Submission: ‘No Rights Without Remedy’ Inquiry ACT Parliament

April 7, 2022

Thanks to over 500 signatures received on our ALHR and ACTCOSS  “No Rights Without Remedy” Petition, the ACT Legislative Assembly is holding an Inquiry into whether the ACT Human Rights Act should be amended to include an accessible complaints mechanism.

Unfortunately, while the ACT Human Rights Act was drafted to protect individuals against breaches of their human rights by government and government agencies, it does not provide an accessible way for people to make a complaint. Currently, when a person believes their human rights have been breached, the only recourse available to them is expensive and complex legal action in the ACT Supreme Court. This process is simply too difficult for most people to access.

ALHR joined with ACTCOSS , the Human Rights law Centre and Civil Liberties Australia to promote our petition calling for a more accessible complaints process. We are asking for the ACT Human Rights Act to be amended so that individuals can make a complaint to the ACT Human Rights Commission (HRC) if they believe that their tights have been breached.. If it can’t be resolved, the Commission could then refer the complaint to the ACT Civil and Administrative Tribunal (ACAT). This would provide a simple, no-cost process that can be navigated by members of the ACT community.

ALHR President Kerry Weste said, “We already know these pathways work for the community, as they are currently in utilisation for other complaints heard by the HRC. Moreover, a very similar process is available under the QLD Human Rights Act and is benefiting people in that state.”

“People in the ACT deserve laws that ensure everyone can live in safety, in freedom, and with dignity. Every person in the ACT is entitled to be treated fairly and equally, with compassion and respect. However, we know from experience that human rights are at risk of being rendered meaningless if they cannot be legally enforced.”

“The addition of an accessible complaints mechanism in the ACT Human Rights Act would enable the ACT to meaningfully hold all behaviours up to the standards set out in the ACT Human Rights Act. It would mean that people whose rights have been breached can obtain meaningful solutions that make a real difference in their everyday life.”

“The people of the ACT need easier, cheaper and simpler pathways to make a complaint if the ACT Human Rights Act is to realise its true potential to protect and promote human rights.”

Contact: Matt Mitchell, ALHR media manager 0431 980 365.

Read ALHR’s submission & recommendations in full here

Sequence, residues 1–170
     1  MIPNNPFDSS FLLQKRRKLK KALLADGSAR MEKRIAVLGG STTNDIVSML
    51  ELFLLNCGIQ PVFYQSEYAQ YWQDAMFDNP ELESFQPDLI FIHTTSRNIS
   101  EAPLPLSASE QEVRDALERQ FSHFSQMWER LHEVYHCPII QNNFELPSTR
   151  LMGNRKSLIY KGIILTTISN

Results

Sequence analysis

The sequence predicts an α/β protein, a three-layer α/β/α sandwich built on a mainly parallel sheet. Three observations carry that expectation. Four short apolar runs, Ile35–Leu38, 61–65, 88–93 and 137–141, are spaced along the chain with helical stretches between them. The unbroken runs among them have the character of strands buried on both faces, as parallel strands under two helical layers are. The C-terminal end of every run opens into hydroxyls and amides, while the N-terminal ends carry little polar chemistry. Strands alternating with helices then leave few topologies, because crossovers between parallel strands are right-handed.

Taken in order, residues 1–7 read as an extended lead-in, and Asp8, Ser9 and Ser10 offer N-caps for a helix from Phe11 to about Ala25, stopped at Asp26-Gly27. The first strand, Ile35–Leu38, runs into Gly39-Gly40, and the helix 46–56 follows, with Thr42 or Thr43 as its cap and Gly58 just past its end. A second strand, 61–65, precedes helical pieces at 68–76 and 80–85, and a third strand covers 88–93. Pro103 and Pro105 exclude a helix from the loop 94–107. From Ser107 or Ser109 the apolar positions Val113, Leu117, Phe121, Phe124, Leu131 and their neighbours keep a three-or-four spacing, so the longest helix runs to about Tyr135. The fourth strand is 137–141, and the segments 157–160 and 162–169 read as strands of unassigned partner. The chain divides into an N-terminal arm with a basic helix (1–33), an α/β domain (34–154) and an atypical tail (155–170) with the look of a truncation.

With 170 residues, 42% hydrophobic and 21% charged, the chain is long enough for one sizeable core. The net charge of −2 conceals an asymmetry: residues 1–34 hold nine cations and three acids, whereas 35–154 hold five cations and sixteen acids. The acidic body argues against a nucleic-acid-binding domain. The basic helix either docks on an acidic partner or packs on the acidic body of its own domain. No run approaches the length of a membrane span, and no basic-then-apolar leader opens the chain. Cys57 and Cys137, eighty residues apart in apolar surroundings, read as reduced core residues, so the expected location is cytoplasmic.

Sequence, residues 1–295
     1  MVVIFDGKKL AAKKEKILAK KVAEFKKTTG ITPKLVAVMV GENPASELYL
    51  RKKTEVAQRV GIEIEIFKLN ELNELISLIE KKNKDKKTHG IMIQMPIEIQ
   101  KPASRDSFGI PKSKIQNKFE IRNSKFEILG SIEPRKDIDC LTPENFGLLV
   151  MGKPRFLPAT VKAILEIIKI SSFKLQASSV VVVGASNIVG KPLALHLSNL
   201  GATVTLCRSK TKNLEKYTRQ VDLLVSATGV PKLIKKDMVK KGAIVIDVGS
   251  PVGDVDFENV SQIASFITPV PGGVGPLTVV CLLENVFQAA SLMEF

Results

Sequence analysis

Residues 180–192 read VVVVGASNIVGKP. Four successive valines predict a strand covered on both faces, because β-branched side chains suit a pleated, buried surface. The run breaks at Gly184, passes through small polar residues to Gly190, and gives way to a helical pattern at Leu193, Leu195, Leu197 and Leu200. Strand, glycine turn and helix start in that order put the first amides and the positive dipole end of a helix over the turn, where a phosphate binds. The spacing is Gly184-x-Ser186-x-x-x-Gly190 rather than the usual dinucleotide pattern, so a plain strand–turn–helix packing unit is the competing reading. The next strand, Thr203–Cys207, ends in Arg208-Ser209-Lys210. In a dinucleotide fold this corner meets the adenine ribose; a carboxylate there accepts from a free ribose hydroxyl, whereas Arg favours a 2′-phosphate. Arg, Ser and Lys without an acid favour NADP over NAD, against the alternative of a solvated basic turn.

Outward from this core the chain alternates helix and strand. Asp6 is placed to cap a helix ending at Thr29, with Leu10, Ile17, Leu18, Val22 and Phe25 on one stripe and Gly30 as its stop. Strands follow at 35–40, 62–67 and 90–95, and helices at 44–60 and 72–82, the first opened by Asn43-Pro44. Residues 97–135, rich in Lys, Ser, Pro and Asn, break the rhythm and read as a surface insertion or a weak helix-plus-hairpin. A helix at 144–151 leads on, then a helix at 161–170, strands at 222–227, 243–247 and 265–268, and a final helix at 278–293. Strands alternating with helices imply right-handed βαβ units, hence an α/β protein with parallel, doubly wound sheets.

Read our joint media release with ACTCOSS, Civil Liberties Australia and the Human Rights Law Centre here

ALHR makes 4 key recommendations:

(1) Noting that there is a human right to an effective remedy when human rights are violated, The Human Rights Act 2004 (ACT) should be amended to include an accessible two-tiered complaints mechanism that specifically enables:

  • a complaint about any breach of the Human Rights Act to be made to the ACT Human Rights Commission (HRC) and heard and reconciled by the Commission’s internal complaint handling mechanisms for confidential conciliation; and
  • if conciliation is unsuccessful, a complaint about a breach of the Human Rights Act to be made to the ACT Civil and Administrative Tribunal (ACAT) for resolution.

(2) The existing infrastructure of the HRC and ACAT currently in utilisation for discrimination and other complaints should be used in order to provide a no-cost, simple pathway for individuals to make complaints.

(3) For the HRC and ACAT to effectively respond to the additional workload that creating a new complaints mechanism would produce, the ACT Government should:

  • ensure that the HRC and ACAT are adequately resourced; and
  • conduct an in depth consultation process engaging with the expertise of those bodies to receive guidance as to the precise nature of the resourcing that would be required.

(4) The ACT Government should accompany any amendments to the Human Rights Act 2004 (ACT) with: 

  • a broad program of human rights education, aimed at fostering understanding of the changes to the Act across the community, with particular attention to CALD, First Nations, people with disability and other marginalised or disadvantaged groups; and 
  • adequate funding for a legal advice service to give individuals information, legal advice and assistance about their human rights..